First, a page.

◾ Pediatric Physiological Measurements
DOI link for ◾ Pediatric Physiological Measurements
◾ Pediatric Physiological Measurements book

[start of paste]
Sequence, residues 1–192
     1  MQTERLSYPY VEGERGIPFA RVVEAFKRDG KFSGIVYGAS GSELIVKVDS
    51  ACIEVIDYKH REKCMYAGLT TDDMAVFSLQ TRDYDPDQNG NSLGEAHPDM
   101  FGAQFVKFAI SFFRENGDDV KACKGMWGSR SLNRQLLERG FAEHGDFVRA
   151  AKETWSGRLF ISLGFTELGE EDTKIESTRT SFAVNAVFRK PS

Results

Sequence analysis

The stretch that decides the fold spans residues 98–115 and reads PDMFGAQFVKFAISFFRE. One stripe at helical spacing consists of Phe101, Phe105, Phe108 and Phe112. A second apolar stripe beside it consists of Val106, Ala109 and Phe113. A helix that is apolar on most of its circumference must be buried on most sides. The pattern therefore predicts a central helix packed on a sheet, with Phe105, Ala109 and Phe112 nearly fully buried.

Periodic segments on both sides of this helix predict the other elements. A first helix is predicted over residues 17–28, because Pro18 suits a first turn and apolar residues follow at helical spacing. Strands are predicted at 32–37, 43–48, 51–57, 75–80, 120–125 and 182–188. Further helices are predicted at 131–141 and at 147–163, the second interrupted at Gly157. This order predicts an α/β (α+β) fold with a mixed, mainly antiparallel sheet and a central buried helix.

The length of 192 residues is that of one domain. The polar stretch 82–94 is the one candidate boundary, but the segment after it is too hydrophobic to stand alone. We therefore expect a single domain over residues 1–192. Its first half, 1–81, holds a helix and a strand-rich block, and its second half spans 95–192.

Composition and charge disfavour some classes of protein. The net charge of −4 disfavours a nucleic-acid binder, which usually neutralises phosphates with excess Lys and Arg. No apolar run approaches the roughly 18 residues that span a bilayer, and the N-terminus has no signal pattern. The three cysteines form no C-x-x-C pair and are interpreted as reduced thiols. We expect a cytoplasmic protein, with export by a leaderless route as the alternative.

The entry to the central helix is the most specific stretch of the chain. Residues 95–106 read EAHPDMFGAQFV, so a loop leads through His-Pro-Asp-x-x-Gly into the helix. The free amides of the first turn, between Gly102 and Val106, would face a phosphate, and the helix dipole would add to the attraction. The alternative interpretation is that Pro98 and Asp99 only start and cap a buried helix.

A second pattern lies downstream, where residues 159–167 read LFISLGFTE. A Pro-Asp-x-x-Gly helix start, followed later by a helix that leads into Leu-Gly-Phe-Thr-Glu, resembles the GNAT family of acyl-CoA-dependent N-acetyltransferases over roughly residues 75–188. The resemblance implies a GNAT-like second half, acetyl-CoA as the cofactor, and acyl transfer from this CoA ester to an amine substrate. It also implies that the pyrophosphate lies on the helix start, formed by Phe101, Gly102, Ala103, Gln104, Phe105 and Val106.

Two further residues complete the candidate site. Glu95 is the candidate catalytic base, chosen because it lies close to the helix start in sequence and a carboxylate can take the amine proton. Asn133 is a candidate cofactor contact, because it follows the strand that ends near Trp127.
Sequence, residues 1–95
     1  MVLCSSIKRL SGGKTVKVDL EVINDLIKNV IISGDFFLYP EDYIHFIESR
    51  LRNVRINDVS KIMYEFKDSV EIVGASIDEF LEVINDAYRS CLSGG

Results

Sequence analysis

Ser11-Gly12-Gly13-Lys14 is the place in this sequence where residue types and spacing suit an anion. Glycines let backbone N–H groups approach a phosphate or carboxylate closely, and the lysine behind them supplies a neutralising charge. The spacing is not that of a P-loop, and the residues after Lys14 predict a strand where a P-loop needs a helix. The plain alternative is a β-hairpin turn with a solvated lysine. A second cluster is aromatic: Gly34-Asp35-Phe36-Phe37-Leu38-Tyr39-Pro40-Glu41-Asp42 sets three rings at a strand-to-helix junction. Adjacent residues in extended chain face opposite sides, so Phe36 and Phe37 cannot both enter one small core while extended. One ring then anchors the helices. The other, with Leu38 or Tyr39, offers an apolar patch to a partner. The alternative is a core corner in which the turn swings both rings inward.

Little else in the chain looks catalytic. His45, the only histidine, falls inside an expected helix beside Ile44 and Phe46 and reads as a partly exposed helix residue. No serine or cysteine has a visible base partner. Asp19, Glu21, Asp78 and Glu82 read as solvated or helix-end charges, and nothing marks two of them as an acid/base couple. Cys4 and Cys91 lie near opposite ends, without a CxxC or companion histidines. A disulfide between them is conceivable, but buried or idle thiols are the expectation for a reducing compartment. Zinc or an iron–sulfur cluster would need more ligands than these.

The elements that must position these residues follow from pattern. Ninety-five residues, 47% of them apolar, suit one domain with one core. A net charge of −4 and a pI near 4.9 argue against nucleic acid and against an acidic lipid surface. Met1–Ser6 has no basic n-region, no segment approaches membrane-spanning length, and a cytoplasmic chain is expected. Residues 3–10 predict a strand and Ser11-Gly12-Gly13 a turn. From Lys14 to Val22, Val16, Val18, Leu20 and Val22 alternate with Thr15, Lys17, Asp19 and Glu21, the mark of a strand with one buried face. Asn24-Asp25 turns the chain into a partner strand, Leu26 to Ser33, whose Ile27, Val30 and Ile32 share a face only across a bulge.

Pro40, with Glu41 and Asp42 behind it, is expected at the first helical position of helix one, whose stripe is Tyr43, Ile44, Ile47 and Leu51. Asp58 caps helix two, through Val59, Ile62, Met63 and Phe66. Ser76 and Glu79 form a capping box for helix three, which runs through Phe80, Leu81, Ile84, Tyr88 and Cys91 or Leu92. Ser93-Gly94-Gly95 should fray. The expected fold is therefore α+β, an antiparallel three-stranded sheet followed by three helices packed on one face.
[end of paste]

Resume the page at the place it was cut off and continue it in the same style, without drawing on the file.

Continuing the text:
Pediatric physiological measurements can be grouped into three general classications: measurements associated with well-child care, monitoring of critically ill patients, and monitoring and assessing children at home. In the rst case, measurements are carried out in the oce of a pediatrician, pediatric clinic, or family practitioner while the second case involves making measurements and monitoring patients in critical care hospital units such as the neonatal intensive care unit (NICU) or the pediatric intensive care unit (PICU). Wherever the measurements are made, a general rule should be followed in the design and application of the instrumentation. is rule states that a pediatric patient should not be considered as just a miniature adult. Pediatric patients, especially the very young ones, in addition to being smaller than adults, have body proportions and physiological functions that can be dierent from those of an adult. us, adult measuring techniques may not always be appropriate for use with children even when appropriately scaled for infants. Size, mobility, ability to communicate, and anxiety are factors that can dier considerably between children and adult patients. Although dierent modalities of medical imaging will not be considered in this chapter, the pediatric patient presents special problems in this diagnostic area that point out their dierence from an adult. ese include a strong desire by clinicians to limit children’s exposure to ionizing radiation and the fact that some imaging procedures, such as obtaining an MRI image, require the patient to remain still for periods as long as 30 min as the imaging data are obtained. is is o en dicult for younger children to do, and the patients need to be sedated, a procedure that in itself has risks. In the remaining paragraphs, we will look at some of the measurement techniques used in the care of pediatric patients.